top of page

ISRO Launched Maiden SSLV, suffers with upper stage and dataloss issues

The SSLV-D1 rocket launched with 2 satellites and could not place in desired orbits.

SSLV-D1 liftoff (Photo: ISRO)

Chennai, August 07, 2022 The Small Satellite Launch Vehicle or SSLV carrying EOS-2 and Azaadisat satellites lifted off from the first launch pad of Satish Dhawan Space Centre in Sriharikota at 9.18am IST (03:48 UTC), after the countdown for the mission began at 2:26am. However, The Indian Space Research Organisation (ISRO) on Sunday said its SSLV-D1/EOS-02 mission suffered a data loss in its terminal phase.

"We are processing the data to conclude on the final outcome of the mission with respect to whether a stable orbit is achieved or not," said ISRO chairman S Somanath in post-flight announcement.

All the stages performed normal. Both the satellites were injected. But, the orbit achieved was less than expected, which makes it unstable. - ISRO

During the Broadcast, It is noted that the Telemetry was lost about 9 minutes into the mission. The rocket got close to orbit but may have fallen a bit short, the third and VTM stage underperformed, compared to its preliminary timeline published by ISRO.

Astronomer Dr Jonathan McDowell observed the orbital elements of the 3rd and VTM stages, did not reach the desired orbit and the stages and payload would have impacted the Pacific around 0431 UTC.

Update from ISRO: SSLV-D1 placed the satellites into 356 km x 76 km elliptical orbit instead of 356 km circular orbit. Satellites are no longer usable. The issue is reasonably identified. Failure of a logic to identify a sensor failure and go for a salvage action caused the deviation.

A committee would analyze and recommend. With the implementation of the recommendations, ISRO will come back soon with SSLV-D2.

A detailed statement by Chairman, ISRO will be uploaded soon.

The 120-tonne SSLV, which is an all-solid stage rocket measuring 34 metre in height and two metre in diameter, is capable of launching mini, micro or nanosatellites weighing 10 to 500kg mass to 500 km planar orbit. SSLV is a three-stage vehicle. All these three are solid propulsion stages.

SSLV-D1 liftoff (Photo: ISRO)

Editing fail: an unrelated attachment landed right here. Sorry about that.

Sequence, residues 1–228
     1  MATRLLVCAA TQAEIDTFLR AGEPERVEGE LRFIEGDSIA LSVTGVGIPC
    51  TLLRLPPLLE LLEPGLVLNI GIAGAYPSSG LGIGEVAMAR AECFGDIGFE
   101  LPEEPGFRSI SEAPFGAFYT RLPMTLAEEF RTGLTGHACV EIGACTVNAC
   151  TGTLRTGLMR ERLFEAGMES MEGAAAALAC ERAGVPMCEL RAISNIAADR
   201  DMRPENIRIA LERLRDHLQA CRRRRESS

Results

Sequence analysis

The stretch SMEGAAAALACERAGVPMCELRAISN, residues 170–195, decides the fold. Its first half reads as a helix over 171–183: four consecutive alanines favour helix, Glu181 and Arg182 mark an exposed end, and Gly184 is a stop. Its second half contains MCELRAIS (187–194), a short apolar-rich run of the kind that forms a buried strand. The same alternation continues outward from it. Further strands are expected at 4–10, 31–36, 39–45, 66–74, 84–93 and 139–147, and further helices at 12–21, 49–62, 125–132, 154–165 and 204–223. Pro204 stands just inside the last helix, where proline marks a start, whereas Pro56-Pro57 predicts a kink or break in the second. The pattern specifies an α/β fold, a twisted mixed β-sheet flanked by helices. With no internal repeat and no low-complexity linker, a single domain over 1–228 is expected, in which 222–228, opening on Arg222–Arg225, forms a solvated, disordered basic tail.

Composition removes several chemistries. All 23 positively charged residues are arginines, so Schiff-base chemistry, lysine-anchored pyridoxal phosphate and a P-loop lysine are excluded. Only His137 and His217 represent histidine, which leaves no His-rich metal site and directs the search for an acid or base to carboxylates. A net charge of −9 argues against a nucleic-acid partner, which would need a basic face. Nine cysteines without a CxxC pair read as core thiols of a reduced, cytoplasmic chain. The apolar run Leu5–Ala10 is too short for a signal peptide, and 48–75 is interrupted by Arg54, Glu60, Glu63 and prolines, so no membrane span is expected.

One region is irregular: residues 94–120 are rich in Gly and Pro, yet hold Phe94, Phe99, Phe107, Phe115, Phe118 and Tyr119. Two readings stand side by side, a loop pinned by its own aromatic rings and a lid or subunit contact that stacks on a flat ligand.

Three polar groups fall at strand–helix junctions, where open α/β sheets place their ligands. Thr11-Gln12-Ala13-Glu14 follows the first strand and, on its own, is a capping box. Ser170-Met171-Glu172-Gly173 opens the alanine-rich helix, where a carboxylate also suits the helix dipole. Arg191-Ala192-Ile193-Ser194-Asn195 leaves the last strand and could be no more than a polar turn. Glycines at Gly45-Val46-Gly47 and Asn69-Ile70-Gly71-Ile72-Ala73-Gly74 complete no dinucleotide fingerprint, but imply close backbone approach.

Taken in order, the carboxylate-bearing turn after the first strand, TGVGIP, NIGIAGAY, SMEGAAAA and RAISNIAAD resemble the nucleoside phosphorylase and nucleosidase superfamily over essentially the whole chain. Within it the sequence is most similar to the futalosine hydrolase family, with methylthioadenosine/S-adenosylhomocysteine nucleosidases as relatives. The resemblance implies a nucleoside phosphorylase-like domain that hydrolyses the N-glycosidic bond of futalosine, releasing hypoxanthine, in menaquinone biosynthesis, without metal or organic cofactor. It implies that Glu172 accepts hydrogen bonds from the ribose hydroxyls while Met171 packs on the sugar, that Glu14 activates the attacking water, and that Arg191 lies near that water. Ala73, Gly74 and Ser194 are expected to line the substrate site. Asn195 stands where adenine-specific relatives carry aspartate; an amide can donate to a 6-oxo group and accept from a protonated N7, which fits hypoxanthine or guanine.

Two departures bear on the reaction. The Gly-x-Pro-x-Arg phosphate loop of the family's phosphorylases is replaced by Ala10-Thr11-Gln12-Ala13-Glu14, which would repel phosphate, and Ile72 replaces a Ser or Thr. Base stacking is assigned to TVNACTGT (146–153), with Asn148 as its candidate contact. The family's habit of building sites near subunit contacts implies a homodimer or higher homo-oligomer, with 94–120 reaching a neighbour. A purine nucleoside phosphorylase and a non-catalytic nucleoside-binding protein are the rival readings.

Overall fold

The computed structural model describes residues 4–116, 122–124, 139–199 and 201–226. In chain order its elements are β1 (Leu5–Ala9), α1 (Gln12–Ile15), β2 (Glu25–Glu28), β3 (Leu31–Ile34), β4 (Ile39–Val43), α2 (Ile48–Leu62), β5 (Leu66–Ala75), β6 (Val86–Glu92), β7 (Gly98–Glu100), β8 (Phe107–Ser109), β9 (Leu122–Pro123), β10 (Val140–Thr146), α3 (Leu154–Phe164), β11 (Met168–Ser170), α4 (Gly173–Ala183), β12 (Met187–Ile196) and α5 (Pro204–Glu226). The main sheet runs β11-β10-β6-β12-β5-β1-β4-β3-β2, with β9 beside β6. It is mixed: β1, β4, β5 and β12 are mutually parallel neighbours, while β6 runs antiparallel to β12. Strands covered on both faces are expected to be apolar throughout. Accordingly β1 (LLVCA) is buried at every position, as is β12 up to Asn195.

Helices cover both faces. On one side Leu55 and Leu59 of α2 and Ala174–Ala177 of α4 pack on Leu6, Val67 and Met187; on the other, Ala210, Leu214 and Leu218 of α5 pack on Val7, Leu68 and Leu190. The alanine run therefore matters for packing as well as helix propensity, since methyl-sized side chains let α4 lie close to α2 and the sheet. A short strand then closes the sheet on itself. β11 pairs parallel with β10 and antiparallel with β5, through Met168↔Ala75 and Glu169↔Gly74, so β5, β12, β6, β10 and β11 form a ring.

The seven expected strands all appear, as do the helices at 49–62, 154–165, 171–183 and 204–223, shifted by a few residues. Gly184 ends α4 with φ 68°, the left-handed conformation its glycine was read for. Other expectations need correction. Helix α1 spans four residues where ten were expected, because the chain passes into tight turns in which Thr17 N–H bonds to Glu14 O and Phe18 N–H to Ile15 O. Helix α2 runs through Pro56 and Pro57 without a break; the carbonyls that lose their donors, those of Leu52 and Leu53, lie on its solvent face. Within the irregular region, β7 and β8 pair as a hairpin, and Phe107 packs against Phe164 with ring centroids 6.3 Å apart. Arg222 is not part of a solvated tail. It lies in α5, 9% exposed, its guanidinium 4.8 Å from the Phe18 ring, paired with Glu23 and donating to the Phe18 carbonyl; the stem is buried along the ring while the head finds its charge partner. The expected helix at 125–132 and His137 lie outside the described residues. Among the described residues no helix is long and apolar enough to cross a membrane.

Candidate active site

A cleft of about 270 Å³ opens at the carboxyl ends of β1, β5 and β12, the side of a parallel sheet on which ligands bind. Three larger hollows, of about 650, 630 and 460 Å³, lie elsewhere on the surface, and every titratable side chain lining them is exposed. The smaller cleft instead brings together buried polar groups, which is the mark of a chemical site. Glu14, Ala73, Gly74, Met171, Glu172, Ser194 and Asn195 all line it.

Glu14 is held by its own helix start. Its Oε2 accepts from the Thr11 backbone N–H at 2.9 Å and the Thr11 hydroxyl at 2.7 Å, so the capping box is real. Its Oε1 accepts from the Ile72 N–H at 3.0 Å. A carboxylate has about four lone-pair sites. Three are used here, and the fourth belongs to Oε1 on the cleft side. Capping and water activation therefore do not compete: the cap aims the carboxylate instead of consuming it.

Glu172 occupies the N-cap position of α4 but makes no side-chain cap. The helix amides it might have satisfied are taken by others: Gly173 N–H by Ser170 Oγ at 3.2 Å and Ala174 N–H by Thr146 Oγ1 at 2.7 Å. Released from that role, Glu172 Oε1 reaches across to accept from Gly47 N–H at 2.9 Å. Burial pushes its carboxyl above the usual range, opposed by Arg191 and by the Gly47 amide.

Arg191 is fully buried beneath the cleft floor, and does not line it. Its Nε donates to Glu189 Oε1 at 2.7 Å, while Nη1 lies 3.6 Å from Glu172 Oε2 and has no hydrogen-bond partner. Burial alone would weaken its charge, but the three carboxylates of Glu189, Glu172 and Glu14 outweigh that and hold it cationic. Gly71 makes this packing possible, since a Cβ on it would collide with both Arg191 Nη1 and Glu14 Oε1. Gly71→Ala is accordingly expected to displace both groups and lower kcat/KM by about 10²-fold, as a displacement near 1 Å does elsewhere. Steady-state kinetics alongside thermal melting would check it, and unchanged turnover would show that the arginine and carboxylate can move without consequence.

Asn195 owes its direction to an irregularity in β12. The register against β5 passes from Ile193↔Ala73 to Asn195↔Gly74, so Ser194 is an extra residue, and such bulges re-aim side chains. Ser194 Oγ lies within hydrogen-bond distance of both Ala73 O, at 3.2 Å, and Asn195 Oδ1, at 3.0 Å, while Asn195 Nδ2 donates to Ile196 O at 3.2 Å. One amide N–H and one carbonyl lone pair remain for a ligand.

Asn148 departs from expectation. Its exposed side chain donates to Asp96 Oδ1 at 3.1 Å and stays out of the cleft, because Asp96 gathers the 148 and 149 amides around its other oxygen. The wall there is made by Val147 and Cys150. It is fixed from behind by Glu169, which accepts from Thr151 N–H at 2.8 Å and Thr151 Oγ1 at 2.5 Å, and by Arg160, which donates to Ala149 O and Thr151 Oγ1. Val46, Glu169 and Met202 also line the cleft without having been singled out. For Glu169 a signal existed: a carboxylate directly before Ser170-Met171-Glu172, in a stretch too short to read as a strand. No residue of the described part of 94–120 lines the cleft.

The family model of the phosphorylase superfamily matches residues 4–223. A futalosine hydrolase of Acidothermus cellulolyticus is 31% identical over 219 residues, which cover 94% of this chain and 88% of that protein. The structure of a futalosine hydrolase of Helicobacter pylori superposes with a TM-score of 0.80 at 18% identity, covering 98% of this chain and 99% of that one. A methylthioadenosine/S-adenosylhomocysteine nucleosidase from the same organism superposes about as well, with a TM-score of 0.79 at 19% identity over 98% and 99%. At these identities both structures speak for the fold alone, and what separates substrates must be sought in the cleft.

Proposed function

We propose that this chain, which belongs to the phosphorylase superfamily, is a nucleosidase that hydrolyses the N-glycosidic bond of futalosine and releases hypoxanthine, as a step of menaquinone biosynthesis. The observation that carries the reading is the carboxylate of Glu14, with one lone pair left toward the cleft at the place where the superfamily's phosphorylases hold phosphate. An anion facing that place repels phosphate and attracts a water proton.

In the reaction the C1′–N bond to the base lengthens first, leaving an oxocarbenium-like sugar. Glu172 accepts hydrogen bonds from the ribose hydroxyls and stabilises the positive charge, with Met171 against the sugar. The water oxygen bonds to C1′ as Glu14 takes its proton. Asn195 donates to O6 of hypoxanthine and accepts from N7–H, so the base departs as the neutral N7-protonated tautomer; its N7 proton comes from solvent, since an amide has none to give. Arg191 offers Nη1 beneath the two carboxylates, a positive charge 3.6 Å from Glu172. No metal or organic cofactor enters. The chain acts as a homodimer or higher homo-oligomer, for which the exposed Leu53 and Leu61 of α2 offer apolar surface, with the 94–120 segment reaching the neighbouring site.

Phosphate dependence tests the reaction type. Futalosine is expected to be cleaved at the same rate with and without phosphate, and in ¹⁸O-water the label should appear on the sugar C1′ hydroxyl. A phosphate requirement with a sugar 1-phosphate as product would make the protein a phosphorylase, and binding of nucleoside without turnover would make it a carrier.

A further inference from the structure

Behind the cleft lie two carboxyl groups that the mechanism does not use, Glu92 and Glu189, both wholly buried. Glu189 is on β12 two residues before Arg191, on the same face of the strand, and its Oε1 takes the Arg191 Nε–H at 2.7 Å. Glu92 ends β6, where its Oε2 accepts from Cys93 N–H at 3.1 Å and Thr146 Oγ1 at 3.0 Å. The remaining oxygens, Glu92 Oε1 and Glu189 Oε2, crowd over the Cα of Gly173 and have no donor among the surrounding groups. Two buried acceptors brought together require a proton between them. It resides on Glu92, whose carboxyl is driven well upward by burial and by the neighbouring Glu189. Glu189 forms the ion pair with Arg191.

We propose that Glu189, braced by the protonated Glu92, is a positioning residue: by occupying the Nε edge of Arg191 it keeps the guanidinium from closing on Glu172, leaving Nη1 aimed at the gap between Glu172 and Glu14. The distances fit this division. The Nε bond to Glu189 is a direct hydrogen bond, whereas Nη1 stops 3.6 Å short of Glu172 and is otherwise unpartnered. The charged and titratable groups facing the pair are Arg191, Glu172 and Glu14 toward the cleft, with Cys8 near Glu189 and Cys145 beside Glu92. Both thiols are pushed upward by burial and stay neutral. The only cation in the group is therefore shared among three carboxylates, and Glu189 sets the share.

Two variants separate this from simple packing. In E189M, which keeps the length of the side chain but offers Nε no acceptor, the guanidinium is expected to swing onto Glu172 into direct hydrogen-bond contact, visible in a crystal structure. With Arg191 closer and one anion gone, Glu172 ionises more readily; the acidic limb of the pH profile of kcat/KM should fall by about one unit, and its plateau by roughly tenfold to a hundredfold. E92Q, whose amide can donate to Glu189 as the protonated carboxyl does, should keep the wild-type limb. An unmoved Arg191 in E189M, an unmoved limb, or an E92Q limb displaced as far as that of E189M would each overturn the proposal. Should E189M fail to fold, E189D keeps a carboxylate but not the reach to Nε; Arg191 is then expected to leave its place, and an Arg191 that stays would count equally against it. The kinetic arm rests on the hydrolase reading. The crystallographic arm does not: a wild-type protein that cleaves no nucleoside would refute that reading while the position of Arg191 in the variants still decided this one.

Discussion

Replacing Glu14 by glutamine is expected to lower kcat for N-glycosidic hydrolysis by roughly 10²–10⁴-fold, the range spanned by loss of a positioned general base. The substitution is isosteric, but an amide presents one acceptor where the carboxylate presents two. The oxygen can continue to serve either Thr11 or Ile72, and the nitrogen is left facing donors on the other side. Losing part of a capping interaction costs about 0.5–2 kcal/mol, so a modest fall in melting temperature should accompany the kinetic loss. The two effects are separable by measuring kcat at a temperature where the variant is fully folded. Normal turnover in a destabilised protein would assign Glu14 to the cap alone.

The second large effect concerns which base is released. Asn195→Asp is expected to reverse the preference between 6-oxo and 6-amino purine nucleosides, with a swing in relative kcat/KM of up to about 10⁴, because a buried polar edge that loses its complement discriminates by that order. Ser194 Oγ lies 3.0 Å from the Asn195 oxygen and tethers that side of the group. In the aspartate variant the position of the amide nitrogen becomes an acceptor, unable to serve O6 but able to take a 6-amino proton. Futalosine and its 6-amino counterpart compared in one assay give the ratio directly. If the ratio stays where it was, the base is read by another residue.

The key features of SSLV include low cost, low turnaround time, flexibility in accommodating multiple satellites, launch-on-demand feasibility, minimal launch infrastructure requirements. The rocket can be made within one week because of many innovative features introduced. These include modular systems, simplified pyro circuit and modular feature for separation system, multi-satellite adapter deck, miniature low-cost avionics with commercial off-the-shelf components, on-board computer with rapidly reconfigurable check-out system with the minimum ground interface. Some of the new systems introduced in the launch vehicle include SS1 motor, which is the third largest solid booster of ISRO, SS3 motor, which is a new composite upper stage solid motor, and liquid propulsion-based terminal stage for precise injection of satellites.

VTM and Payload Adapter mounted with EOS-02 and AzaadiSAT (Photo: ISRO)

Two satellites The 145kg EOS-2 is an experimental imaging satellite with a short turn-around time. Azaadisat is an 8U Cubesat weighing around 8kg. It carries 75 different payloads each weighing around 50gram and conducting femto-experiments. The payloads were built by girl students from rural regions across the country. The payloads include a UHF-VHF transponder working in ham radio frequency to enable voice and data transmission for amateur radio operators, a solid state PIN diode-based radiation counter to measure the ionising radiation in its orbit, a long-range transponder and a selfie camera.

207 views0 comments


bottom of page